These regulations will be incorporated into the existing COMAR 10.34.19 Sterile Pharmaceutical Compounding.

This draft contains revisions to some of the existing regulations to accommodate the new law:

.03 Definitions. (same as last release)

.04 [Pharmacy] Sterile Compounding Facility Environment

.05 General Requirements.

.06 Special Handling, Packaging, Labeling, and Beyond Use Dating

.07 Record-Keeping Requirements.

.08 Batch Preparation

.09 Minimum Facility Requirements

.11 Minimum Requirements for Supplies

.14 Training of Staff, Patient, and Caregiver

.16 Reference Library

This draft also contains new regulations:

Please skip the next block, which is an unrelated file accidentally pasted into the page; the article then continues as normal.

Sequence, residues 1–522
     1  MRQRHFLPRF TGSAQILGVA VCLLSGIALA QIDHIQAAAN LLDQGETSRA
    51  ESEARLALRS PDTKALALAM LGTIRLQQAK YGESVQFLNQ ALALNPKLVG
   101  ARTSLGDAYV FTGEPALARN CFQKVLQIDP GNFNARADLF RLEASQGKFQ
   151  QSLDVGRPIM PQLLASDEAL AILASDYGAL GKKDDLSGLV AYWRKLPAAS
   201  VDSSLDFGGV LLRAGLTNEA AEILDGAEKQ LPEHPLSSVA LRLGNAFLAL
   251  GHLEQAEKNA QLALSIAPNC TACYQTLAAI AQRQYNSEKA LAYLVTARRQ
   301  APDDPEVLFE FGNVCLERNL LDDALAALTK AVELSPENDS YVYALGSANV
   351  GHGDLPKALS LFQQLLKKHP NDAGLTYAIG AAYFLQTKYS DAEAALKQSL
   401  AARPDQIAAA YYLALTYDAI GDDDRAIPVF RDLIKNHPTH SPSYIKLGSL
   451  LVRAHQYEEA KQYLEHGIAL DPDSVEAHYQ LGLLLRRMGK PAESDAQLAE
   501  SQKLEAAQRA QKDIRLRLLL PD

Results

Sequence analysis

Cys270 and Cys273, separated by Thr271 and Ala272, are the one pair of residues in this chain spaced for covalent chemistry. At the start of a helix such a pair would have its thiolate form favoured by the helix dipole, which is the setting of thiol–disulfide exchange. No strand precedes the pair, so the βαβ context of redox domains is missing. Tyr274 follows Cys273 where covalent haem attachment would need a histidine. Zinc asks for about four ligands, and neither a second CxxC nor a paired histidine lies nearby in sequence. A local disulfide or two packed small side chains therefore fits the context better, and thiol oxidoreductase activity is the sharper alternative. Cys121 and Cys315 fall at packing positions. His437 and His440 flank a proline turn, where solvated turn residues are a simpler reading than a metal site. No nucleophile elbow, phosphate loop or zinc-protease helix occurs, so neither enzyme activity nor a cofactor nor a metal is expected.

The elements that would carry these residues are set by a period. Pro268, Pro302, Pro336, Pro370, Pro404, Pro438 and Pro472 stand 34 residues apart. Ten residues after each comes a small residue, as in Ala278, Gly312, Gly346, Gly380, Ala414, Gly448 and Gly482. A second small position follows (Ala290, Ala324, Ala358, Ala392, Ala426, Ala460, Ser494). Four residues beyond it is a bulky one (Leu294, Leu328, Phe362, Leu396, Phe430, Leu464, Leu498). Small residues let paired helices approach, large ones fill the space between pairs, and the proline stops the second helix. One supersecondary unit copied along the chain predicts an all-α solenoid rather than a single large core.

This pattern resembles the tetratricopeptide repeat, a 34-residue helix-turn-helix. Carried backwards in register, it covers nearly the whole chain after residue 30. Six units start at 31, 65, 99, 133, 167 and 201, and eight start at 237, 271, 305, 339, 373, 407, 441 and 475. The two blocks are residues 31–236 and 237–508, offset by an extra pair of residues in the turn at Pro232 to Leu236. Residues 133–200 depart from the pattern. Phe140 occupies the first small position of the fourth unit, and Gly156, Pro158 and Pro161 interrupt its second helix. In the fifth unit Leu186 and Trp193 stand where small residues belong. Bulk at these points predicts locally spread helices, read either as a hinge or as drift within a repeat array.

.19 Sterile Compounding Permit Application Requirements

.20 Minimum Requirements for Inspections of Sterile Compounding Permit Holders.

.21 Reporting Requirements for Sterile Compounding Permit Holders.

The final numbering of the regulations will be determined before submitting for DHMH sign-off and publication.

Please send any comments or suggested revisions to Anna D. Jeffers by close of business on November 8th.  Feel free to share with any interested stakeholders.  Her contact information is:

Anna D. Jeffers, Esq.
Legislation and Regulations Manager
Maryland Board of Pharmacy
4201 Patterson Avenue
Baltimore, MD 21215
Phone: (410) 764-3833
FAX: (410) 358-6207
anna.jeffers@maryland.gov

MASA recently sent a letter to CMS providing comments on the proposed quality reporting indicators for 2014.  Click here to view MASA’s comments.

MASA is currently drafting a letter to comment on the increased state licensing fees (Notice of final action posted below).  Please show your support and send a letter on your center’s letterhead to: